Founded in 1768 by Scottish doctor Andrew Turnbull, New Smyrna Beach and its surrounding area possesses a rich history. It is an area first settled with over 1500 indentured servants of Mediterranean descent – most of which were from the Minorcan Islands. That colonized plantation failed not ten years later largely due to disease. The Spanish then gained control and sold the area to the United States in 1819. Sugar mills began processing cane from plantations in 1835 and the Atlantic Railroad began in 1892, making the New Smyrna Beach area a vacation destination even in the early days. The city of New Smyrna Beach became incorporated in 1903 and local orange groves provided local relief during the stock market crash of 1929…All of the above giving way to the beachside paradise we know and love today.
A beautiful place to learn some New Smyrna Beach history is Old Fort Park, an historical site which received the prestigious honor of being added to the United States National Registry of Historic Places in 2008, and an integral part of the archeological discoveries attributed to the 18th Century settlement of Dr. Andrew Turnbull.
You’ll find Old Fort Park at 115 Julia Street in New Smyrna, nestled within several walking paths, benches, a canopy of stately oak trees and a tranquil waterfront view. You’ll also discover a bit of a mystery as no one can really confirm what the ancient coquina foundation of this intriguing site once supported. One thought is that it may be the site of Andrew Turnbull’s mansion. Another idea is that it may have been a Spanish fort predating Castillo de San Marco in St. Augustine, which is considered the oldest fort in the continental United States. It also may have been a colonial church or a site for constructing ships.
What we do know is that a large, wooden hotel was constructed above this historic foundation in the 1850s, only to be destroyed in an explosion caused by gunpowder which was stored in the basement. The hotel was reconstructed by the owners after the Civil War, but met its demise yet again in 1896 when it was torn down.
Another interesting historic site in New Smyrna Beach is Sugar Mill Ruins, a 17-acre historic site you’ll find just one mile west of the Intracoastal Waterway on Old Mission Road. The land on which Sugar Mill Ruins was built was originally gifted to Andrew Turnbull by the British Crown in 1768 for the purpose of British colonization. Its buildings, constructed of fossilized mollusk shells which were harvested nearby, survived two Seminole Wars and are preserved for viewing.
The New Smyrna Beach Historic District, also on the National Register of Historic Places, is made up of approximately 100 acres of late 19th and early 20th century architecture. The majority of these structures, developed between 1885 and 1935, are located in a two block wide and six block long stretch along the Indian River bank. If you would like to do some meandering on a personal tour of your own making, you can find a map of the historic structures there which may be helpful at cityofnsb.com/1417/New-Smyrna-Beach-NRHP-Historic-District.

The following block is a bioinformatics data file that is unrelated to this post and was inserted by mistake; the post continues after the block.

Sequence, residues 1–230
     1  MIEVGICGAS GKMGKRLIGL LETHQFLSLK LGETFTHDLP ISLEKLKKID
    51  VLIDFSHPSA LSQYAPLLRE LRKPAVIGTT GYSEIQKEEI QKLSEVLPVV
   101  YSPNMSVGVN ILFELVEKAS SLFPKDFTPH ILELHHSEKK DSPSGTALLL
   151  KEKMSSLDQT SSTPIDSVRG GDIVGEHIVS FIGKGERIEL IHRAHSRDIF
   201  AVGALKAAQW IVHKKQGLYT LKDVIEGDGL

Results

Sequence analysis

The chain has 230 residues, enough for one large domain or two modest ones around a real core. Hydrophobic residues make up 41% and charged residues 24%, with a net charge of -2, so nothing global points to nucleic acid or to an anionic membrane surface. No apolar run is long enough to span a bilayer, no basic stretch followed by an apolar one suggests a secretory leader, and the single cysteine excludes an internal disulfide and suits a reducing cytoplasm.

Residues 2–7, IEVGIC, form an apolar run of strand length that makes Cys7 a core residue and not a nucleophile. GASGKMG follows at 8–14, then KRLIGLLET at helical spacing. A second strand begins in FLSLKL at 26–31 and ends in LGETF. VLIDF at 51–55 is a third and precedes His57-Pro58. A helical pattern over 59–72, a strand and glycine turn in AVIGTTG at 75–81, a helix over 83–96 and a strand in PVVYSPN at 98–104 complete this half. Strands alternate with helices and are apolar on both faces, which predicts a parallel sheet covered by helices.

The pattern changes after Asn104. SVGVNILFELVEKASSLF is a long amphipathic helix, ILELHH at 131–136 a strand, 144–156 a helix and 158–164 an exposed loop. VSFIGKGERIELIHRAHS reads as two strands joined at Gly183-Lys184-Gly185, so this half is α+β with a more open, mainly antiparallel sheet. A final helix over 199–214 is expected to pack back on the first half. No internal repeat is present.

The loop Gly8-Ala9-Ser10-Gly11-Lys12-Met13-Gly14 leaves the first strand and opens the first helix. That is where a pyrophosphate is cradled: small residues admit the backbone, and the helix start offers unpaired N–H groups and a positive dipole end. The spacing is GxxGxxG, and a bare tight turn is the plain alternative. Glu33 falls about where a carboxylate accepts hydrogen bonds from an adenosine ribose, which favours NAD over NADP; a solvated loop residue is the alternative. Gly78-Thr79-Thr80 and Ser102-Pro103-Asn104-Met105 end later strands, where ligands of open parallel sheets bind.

If you like things lively, you may want to head over to Flagler Avenue in New Smyrna Beach, which is five blocks from ocean to river and bursting with surf shops, delightful eateries, a vibrant nightlife and plenty of old Florida appeal.
Grab a bite and a brew at the Flagler Tavern, which was established in 1928 and pays homage to its roaring twenties roots with an upper level speakeasy overlooking the avenue. Or you might prefer to book a spa treatment at Flagler Avenue’s Riverview Hotel & Spa, which began in 1885 as a two-story hunting and fishing lodge and due to the success of the Flagler Railroad, became a popular tourist destination for northerners in search of a warm winter respite.
Just up the way in New Smyrna’s neighboring community of Ponce Inlet, is the opportunity to climb the 203 steps of Ponce Inlet Lighthouse. Built in 1887, Ponce Inlet Lighthouse is the largest in Florida and, today, offers an on-site museum for a glimpse into turn-of-the-century lighthouse keeper life.
Named for its turtle-like shape is the Turtle Mound, a prehistoric archeological site just nine miles south of New Smyrna Beach on State Road A1A. The largest shell midden on mainland United States and visible several miles out to sea rests along the Canaveral Seashore. Archeologists, who have recently discovered 1,200-year-old pottery, believe that the ancient Timucua Indians used Turtle Mound as a high ground refuge during hurricanes.
Also worth a tour is the nearby historical interpretive park of Seminole Rest at 207 River Road in Oak Hill, which consists of several prehistoric shell mounds dating from 2000 BC to 1556 AD, two turn of the century buildings which are still intact, a gift shop and wildlife viewing opportunities.
If you want to learn more about the history of New Smyrna Beach in a more comprehensive manner, you can always visit the New Smyrna Beach Museum of History at 120 Sams Avenue, the site of the town’s original post office. Open Tuesday through Saturday from 10 a.m. to 4 p.m., the New Smyrna Beach Museum of History offers engaging exhibits and presentations, as well as area tours and a museum store.
Plus, not sure if you know it or not, but New Smyrna Beach is also a famous surf town and the New Smyrna Beach Museum of East Coast Surfing – located at that same Sams Avenue address – is dedicated to that specific aspect of New Smyrna history. Ranked one of the world’s best surf towns by both National Geographic and Surfer Magazine, New Smyrna Beach’s surf history is a richly woven tapestry of over 200 years of competitive surfing and local surf culture.